Ryan looks at me, mouthing the words "Let's go."

He's right-- we've got to get him out of this swarming crowd.

I turn back to Joseph-- "It's gonna be all right, Bud-- we just need to get to the car."

Holding onto him, I help him up the rest of the stairs, and then on out into the sub-zero cold.

A few long minutes later, we pile into the car, thankful to get out of the biting wind-- and away from all of those people.

Not long after buckling up, Joseph falls asleep.

Although his blood sugar is 111 when we arrive home, he's still not feeling right. I give him a snack and sit with him for a while before settling him into bed.

And then I can't sleep. I'm just so worried and angry about what happened. About all the other nights he's not gonna feel right -- or worse -- because of this damnable disease.

And I just want to scream.


26 comments:

Allison said...

I think you should scream. I think we should all scream as loud as we can because maybe then God will hear us.

I hate diabetes too.

Carey said...

Sandra,

I am truly so sorry you all had to go through this. I hate this F-ing disease. I was so much hoping this was going to just be about a fun night out.

Anonymous said...

Hi,

Your scream has just been heard.

I would suggest you read about Natural Hygiene and help your son the way nature intended.

You can find this book useful:
80/10/10 Diet by Douglas Graham
(foodnsport.com)

Books from Herbert Shelton (soilandhealth.org)

Best wishes,
Petr, rawquest.dk

Vivian said...

This stupid disease seems to always rear it's head when the kids just want to have fun. I hate this so bad for Joseph, and for you. That so sucks!

Journeywoman said...

I'm married to a 35 year old diabetic who used to be a 11 year old diabetic. I scream too sometimes.

Sometimes I think it is harder on the family. Hugs to you and your son.

Megan said...

Man, what a night.

Hope he's feeling better soon.

Nicole P said...

Damned disease. I just know EXACTLY what Joseph was feeling on those stairs - desperately wanting to feel better, not wanting to be reminded of diabetes with ANOTHER finger stick. Damned disease.

Sometimes, you just want to be tired - just because you're tired, you want to feel off - just because you're having an off day - I find myself thinking often "why does every off feeling I have seem to relate to diabetes??"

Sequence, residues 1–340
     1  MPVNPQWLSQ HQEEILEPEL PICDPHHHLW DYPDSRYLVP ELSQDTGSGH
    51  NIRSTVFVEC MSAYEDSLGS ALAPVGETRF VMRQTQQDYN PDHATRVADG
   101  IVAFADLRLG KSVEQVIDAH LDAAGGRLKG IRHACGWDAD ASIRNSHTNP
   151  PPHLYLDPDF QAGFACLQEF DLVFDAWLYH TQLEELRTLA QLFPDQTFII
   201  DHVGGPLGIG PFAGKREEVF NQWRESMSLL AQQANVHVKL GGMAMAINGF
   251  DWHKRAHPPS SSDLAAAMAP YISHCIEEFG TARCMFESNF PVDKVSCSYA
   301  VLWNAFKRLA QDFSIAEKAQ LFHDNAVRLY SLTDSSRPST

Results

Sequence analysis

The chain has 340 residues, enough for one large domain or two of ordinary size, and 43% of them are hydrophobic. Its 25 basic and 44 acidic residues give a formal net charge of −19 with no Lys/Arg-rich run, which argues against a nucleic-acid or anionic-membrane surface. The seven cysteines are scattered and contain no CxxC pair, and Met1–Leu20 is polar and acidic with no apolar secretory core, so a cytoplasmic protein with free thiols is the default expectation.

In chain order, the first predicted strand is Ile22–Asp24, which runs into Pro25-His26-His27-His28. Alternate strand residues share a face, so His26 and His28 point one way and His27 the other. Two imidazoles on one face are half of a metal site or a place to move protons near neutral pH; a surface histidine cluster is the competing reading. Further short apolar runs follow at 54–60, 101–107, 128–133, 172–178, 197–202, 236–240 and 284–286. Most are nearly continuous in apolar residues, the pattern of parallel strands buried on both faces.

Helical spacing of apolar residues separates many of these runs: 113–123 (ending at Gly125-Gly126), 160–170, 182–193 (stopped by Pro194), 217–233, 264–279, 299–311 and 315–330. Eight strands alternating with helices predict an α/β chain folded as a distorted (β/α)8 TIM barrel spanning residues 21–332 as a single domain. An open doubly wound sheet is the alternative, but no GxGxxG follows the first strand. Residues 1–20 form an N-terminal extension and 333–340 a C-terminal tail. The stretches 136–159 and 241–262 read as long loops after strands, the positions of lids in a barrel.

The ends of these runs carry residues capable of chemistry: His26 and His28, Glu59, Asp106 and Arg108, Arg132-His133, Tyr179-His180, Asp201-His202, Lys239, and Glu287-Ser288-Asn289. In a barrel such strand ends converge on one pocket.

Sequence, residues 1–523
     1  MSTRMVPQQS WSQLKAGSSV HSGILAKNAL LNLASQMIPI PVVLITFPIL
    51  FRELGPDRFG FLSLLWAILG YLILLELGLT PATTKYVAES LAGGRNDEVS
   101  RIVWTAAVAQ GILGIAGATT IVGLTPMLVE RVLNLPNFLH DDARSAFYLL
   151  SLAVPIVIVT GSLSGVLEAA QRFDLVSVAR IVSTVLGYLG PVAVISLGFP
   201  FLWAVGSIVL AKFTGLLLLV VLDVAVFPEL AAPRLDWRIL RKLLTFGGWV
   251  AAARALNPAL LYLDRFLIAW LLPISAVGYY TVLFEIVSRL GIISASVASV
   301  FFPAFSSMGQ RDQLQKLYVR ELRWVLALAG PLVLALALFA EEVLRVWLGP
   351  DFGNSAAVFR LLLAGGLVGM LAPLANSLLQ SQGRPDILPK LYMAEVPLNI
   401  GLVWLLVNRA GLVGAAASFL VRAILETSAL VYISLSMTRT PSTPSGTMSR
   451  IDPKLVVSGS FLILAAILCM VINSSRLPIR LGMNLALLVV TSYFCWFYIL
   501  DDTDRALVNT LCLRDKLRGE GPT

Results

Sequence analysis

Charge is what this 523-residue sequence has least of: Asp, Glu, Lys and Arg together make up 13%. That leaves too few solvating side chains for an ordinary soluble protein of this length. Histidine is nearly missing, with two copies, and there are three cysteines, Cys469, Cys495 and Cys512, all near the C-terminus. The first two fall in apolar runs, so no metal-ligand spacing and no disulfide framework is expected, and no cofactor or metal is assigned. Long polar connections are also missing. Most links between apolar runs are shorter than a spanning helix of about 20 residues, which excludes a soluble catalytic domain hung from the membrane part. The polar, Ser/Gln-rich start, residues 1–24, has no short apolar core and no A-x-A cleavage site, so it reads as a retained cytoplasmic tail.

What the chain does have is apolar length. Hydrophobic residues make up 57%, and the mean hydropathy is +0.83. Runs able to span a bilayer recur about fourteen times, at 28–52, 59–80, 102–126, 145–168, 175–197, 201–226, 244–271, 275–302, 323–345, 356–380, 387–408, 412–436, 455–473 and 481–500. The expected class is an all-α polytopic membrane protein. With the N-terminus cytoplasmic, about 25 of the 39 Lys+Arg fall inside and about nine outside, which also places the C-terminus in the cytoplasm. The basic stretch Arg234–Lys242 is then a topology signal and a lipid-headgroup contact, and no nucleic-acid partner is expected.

I wish there was something to say that would make it better - I know in my heart there's really not. Again though, I'm glad you (and I) have this place to come where at least we're not standing alone - no matter how much it might feel like we are sometimes. At least we can feel assured that there are people who understand - people who want to scream right along with us.

All my best to you today, Sandra.

Nina said...

Even though I'm Type 1 I've never felt that I hated diabetes. But I know I would if I had a child who had it instead of me. I would hate it then.

MileMasterSarah said...

I guess I’ve never hated diabetes either, not in myself. With Gracie though, the pain with her is pretty intense. I never knew diabetes caused emotions like that. My mom mentioned the other day that she was blown away when I was diagnosed. She just never expected it. I hope Joseph starts feelin better soon.

Shannon said...

Tears came to my eyes when I read that Joseph missed a step and hurt his mouth. To be so damned wiped out from a low and to end a wonderful night with a low point really sucks. I hope Joseph considered it a good night afterall.

Sandra Miller said...

Thanks everyone.

It's good to know that I'm not alone in needing to rage at this thing every so often.

And man, did I ever need to rage-- in fact, whenever I think about our night out, I still do.

Though I think you all should know that my son has told me (and all of his friends) that his night at pro wrestling was "awesome!"

The boy just amazes me.

Nicole P said...

Excellent. The D didn't get the best of him. That's the best thing I've heard today.

Paige said...

Sandra,
My 21-month-old daughter was diagnosed a week ago today. While reading your post has scared me to death, it has also been a real comfort to find your blog. I appreciate you and your son for sharing your experiences.
My best to you and your family.
Paige

Rachel said...

What journeywoman said. Exactly.

Chrissie in Belgium said...

Sandra,